By Jenna Kunz
NEW YORK — Indigenous peoples around the globe agree that their health and the health of the planet are interdependent and in jeopardy. On day two of the United Nations Permanent Forum on Indigenous Issues, or UNPFII, this fact—that Indigenous people make up 5% of the world’s population but are responsible for 80% of its biodiversity—was repeated again and again by global Indigenous leaders.
“As we are all aware, Indigenous peoples have least contributed to the problems of climate change nonetheless, due to their interdependence with their vital environment in their ecosystems, they suffer at its worst effects,” said Francisco Cali Tzay on Tuesday, a Mayan Cakchiquel from Guatemala and the UN Special Rapporteur on the rights of Indigenous peoples. The Special Rapporteur keeps tabs on Indigenous peoples globally and reports back to The United Nations Commission on Human Rights on best practices.
This year’s theme: human health, planetary and territorial health, and climate change gave attendees an opportunity to talk about the shortcomings of governments and non-Indigenous leaders. Others called upon the Permanent Forum to take action.
San Carlos Apache Tribal Chairman, Terry Rambler, drew attention to a “major human rights violation” happening at Oak Flat, a sacred area within Arizona’s Tonto National Forest where Resolution Copper — a joint venture of two mining giants BHP Billiton and Rio Tinto — seeks to develop one of the largest copper mines in North America.
“Apache people have lived, prayed and died at Oak Flat from time immemorial,” Rambler said. “Every person by virtue of being human has the right to practice their religion. By violating the rights of Apaches to practice our religion and maintain our spiritual health and wellbeing, the United States is failing to comply with international standards incumbent on them.”
Sámi youth from Finland, Sweden and Norway called upon the Permanent Forum to urgently turn their attention to green transition projects in Sápmi, the traditional territory of the Sámi, which stretches across the Nordic countries and into Russia.
“In the name of saving the planet, the Nordic states are digging into our mountains, drilling holes into our rocks, and making it impossible for Sámi to practice our traditional livelihoods,” said Elle Rávdná Näkkäläjärvi, a spokesperson for the delegation. “What is being shown to the world as a shift to sustainability is just Nordic colonialism hiding behind a new kind of mask.”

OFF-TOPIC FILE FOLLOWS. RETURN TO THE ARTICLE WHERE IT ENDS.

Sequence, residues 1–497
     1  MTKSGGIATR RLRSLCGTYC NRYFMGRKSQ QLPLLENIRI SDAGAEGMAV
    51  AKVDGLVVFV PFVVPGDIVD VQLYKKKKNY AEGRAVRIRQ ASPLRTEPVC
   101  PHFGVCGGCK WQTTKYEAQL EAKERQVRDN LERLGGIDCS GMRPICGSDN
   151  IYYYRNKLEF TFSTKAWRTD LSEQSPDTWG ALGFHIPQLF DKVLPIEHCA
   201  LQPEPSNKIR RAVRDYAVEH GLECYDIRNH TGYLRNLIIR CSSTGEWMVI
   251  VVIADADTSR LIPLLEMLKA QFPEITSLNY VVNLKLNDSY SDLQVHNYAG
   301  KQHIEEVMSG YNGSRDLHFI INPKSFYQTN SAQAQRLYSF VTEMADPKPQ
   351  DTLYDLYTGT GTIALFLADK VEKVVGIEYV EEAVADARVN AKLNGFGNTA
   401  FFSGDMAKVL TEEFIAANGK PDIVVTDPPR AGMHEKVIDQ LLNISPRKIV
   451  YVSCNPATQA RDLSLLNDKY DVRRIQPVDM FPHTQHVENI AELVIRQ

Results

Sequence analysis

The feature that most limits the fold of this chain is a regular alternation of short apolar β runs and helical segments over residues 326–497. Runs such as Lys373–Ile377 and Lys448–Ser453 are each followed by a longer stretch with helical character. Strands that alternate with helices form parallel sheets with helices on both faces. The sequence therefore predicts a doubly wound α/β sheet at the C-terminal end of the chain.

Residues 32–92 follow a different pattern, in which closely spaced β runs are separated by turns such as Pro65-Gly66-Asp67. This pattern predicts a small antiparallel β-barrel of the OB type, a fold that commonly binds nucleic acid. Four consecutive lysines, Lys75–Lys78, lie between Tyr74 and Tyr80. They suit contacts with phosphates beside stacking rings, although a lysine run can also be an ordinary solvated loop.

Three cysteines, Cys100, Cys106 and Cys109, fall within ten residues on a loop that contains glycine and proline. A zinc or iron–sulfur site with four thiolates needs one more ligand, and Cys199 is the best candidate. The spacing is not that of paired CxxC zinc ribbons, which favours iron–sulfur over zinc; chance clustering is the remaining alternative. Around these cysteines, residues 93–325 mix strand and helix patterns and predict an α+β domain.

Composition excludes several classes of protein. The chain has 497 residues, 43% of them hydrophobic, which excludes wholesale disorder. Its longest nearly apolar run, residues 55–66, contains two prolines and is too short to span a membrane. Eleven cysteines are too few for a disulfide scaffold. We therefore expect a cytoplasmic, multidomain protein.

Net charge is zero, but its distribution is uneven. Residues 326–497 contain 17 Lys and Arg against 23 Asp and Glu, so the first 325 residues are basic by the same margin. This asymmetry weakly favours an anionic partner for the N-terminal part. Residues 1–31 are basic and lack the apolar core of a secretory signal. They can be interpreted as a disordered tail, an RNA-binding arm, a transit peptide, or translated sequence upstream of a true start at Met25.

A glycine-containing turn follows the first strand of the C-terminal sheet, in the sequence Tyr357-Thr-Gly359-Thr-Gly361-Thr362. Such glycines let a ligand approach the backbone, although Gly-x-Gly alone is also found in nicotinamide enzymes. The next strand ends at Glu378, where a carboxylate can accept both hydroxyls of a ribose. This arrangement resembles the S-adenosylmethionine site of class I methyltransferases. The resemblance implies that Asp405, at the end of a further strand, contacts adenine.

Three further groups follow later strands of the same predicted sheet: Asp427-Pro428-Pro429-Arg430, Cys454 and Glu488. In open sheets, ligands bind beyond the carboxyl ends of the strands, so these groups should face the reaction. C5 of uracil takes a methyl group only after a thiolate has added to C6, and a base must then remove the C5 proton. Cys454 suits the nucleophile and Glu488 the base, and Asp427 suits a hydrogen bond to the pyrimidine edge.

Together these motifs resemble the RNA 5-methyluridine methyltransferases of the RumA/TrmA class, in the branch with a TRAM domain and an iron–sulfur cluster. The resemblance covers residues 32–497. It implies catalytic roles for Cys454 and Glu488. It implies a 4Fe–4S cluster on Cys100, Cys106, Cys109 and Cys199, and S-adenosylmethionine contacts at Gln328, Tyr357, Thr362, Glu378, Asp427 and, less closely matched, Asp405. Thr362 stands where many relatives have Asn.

In 2021, Norway’s Supreme Court stripped the operating license of the Fosen Vind project on Norway’s west coast after ruling it was built illegally and violated the Sámi’s human rights, and in January, a Swedish state-owned mining company found “vast amounts of rare earth minerals” it could mine to decrease dependency on China. That mining, however, would “devastate the local Sámi community,” the Sámi youth said.
“We demand the Nordic states to immediately halt the ongoing human rights violations against the Sámi,” they said. “We plead the global Indigenous community to notice this green colonialism.”
The Global Indigenous Youth Caucus—composed of Indigenous youth from all seven regions within the UN—also made waves on Tuesday, calling on the Permanent Forum and the General Assembly to assist in perpetuating ancestral knowledge by enforcing an intergenerational Indigenous advisory group for bodies of the United Nations. That advisory group could share and apply traditional knowledge and Indigenous methodologies within UN agencies, such as the World Health Organization.
“Environmental destruction not only contributes to climate change, but also impedes on our ability to access to traditional knowledge, traditional medicines, sacred sites, and traditional practices,” The Global Indigenous Youth Caucus spokesperson said. “As Indigenous youth, we are future bearers of knowledge, and we hold both the knowledge of our ancestors, and our descendants.”
Indigenous Rights Governance partner at the New Zealand Human Rights Commission, Claire Charters, gave an intervention about the disproportionate risks Māori people are facing in a changing landscape.
“We must ensure that Māori are centered in the discussions on mitigation and adapting to climate change, and that Indigenous knowledge is more deliberately considered,” Charters, who is Māori, said. “Climate change is accelerating the severity and frequency of major weather events. We must act with urgency to understand the risks and minimize the impact on our lands, territories, cultural infrastructures, and the overall well being of our Indigenous communities.”
Climate will remain a central theme in the upcoming days of the UNPFII. Tomorrow, The Native Women’s Association of Canada will host a session on “Indigenous Women’s Perspectives On the Burning Issues of Climate Change”, and the International Indian Treaty Council will join with other Indigenous Peoples Organizations to discuss the contentious conservation goal of 30×30 and how it violates the rights of Indigenous Peoples.
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